- "That man, the unsubmissive and the first, stands in the opening chapter of every legend mankind has recorded about its beginning. Prometheus was chained to a rock and torn by vultures- because he had stolen the fire of the gods. Adam was condemned to suffer- because he had eaten the fruit of the tree of knowledge. Whatever the legend, somewhere in the shadows of its memory mankind knew that its glory began with one and that that one paid for his courage."
~The Fountainhead by Ayn Rand, page 710
This is because I really believe that curiosity should know no boundaries, that we must always search and rebel against any obstacle that impedes the searching.
But tonight I have finally found an answer that satisfies me to some extent, so I can lay my five-year question to rest. Five years is a long time to wrestle with something, especially when you are trying to pretend to yourself that you aren't wrestling at all.
Here's what I read tonight:
- Metaphysical man is pursued by two major fears- death and ignorance. Man wants to know all and he wants to live forever. The two trees which God planted were the antidotes for these two fears. Had man been patient, he would have been allowed to eat from these trees (why else were they created?), but man was impatient and forever lost his chance. Man had passed that boundary which must be placed on curiosity.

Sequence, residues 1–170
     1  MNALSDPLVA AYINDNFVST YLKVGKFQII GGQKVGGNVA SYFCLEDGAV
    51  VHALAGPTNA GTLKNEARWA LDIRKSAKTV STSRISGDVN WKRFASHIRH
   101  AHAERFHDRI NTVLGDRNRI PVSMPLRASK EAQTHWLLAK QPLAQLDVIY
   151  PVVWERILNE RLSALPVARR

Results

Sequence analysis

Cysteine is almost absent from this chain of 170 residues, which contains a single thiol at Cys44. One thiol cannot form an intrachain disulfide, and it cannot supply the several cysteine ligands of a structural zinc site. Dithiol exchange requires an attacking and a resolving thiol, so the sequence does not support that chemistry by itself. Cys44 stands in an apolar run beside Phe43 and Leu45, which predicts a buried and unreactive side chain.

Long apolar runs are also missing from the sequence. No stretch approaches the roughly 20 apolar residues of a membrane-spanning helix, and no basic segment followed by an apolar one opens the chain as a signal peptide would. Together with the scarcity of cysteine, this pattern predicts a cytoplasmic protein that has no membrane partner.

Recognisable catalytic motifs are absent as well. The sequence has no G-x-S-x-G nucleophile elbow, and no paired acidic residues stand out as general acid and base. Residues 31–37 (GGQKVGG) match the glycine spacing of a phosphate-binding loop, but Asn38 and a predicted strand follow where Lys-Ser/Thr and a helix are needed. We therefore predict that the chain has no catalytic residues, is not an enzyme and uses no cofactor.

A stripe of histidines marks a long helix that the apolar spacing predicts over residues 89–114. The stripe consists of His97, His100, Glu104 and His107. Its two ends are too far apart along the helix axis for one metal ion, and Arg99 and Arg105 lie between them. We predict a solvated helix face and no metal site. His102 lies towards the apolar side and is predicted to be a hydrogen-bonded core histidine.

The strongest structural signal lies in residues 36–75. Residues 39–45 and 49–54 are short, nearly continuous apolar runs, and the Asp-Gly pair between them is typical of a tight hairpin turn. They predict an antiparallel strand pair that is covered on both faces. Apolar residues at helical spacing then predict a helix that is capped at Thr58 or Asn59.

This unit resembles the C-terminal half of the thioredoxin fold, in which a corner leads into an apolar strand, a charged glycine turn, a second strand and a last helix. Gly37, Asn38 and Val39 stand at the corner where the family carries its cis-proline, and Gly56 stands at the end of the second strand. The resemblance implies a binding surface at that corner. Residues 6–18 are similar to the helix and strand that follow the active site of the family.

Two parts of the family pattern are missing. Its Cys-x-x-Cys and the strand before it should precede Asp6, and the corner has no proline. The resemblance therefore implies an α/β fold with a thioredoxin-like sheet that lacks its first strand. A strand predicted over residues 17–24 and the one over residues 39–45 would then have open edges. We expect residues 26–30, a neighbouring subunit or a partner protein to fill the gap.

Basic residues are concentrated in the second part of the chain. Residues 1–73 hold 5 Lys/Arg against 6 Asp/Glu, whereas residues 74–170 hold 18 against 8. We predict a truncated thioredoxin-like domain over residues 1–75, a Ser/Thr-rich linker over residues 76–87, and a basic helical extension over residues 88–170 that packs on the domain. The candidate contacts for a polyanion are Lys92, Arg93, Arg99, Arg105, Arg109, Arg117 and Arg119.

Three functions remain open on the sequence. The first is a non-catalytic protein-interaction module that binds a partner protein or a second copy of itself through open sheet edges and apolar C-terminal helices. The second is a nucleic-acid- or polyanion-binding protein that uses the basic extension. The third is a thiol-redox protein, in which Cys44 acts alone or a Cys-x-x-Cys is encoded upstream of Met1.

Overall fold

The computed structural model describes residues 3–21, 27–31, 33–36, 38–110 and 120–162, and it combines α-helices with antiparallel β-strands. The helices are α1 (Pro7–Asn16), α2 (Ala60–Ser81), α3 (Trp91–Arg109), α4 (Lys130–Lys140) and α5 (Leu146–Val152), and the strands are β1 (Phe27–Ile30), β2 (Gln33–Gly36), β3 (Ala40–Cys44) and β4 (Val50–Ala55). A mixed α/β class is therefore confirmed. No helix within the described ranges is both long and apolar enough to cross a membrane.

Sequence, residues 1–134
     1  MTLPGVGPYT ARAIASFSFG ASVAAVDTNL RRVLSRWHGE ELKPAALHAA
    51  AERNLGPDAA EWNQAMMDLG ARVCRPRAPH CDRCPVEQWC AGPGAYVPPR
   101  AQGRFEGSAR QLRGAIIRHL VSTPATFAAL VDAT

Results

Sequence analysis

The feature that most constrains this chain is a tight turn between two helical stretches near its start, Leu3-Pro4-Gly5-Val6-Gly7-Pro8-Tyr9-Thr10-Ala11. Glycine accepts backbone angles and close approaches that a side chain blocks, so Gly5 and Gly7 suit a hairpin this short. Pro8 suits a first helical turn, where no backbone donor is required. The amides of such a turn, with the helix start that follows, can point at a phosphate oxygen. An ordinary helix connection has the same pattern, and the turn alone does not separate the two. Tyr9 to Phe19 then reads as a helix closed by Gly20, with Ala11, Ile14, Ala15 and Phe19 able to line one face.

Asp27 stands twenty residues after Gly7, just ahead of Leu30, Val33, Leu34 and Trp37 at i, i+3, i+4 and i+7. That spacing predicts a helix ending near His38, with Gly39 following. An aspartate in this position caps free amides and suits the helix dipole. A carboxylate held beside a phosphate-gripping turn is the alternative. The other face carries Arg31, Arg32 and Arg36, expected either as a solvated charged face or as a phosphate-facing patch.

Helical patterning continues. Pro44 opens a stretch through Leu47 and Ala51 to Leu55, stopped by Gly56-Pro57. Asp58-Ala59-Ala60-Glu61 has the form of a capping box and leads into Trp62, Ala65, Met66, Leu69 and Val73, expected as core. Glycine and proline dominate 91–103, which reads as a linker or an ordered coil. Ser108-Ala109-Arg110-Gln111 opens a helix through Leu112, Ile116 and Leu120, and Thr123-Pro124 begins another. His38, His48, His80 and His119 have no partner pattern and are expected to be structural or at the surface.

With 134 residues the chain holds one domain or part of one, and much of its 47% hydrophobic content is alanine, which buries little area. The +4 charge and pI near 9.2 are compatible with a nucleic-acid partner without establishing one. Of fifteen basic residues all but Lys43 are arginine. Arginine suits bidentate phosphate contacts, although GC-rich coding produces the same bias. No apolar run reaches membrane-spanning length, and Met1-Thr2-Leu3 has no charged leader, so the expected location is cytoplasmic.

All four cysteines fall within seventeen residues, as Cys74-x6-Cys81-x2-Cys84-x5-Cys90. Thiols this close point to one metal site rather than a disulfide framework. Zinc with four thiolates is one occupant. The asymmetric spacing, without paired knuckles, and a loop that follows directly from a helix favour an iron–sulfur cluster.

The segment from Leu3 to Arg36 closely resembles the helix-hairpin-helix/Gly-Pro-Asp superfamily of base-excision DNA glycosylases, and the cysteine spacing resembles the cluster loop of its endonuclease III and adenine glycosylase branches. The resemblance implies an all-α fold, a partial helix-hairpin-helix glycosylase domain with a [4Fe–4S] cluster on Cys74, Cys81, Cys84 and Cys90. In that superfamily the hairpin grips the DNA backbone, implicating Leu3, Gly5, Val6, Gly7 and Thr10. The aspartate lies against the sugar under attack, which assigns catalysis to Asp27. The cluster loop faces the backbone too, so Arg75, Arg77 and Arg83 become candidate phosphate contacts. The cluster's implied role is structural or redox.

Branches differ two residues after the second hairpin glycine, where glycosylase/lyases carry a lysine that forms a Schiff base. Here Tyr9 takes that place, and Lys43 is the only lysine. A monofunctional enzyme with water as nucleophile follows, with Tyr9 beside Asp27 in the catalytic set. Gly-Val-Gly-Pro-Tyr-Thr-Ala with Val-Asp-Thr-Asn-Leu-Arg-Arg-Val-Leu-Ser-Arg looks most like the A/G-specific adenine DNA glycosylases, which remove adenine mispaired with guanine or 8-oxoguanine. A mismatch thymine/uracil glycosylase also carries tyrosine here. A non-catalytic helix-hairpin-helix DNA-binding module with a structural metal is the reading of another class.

Fantasy, dreaming, knows no bounds. Left alone, man's curiousity would never have stopped after God's arousing it by placing man in the Garden with all of its temptations. Almost at the same time that man was placed in the Garden, God speaks to man, "And God spoke concerning man saying from all the trees of the Garden, you shall eat...But from the tree discerning good and evil..." God here commanded man concerning man. Man's progress is called to a halt by a confrontation with the will of God. Man was told that he cannot exist without a moral imperative. Halakha, which represents God's will, has sounded a call for man to retreat. One who ignores the command, one who eats from all trees, is not metaphysical man but natural man simply living to gratify his every desire.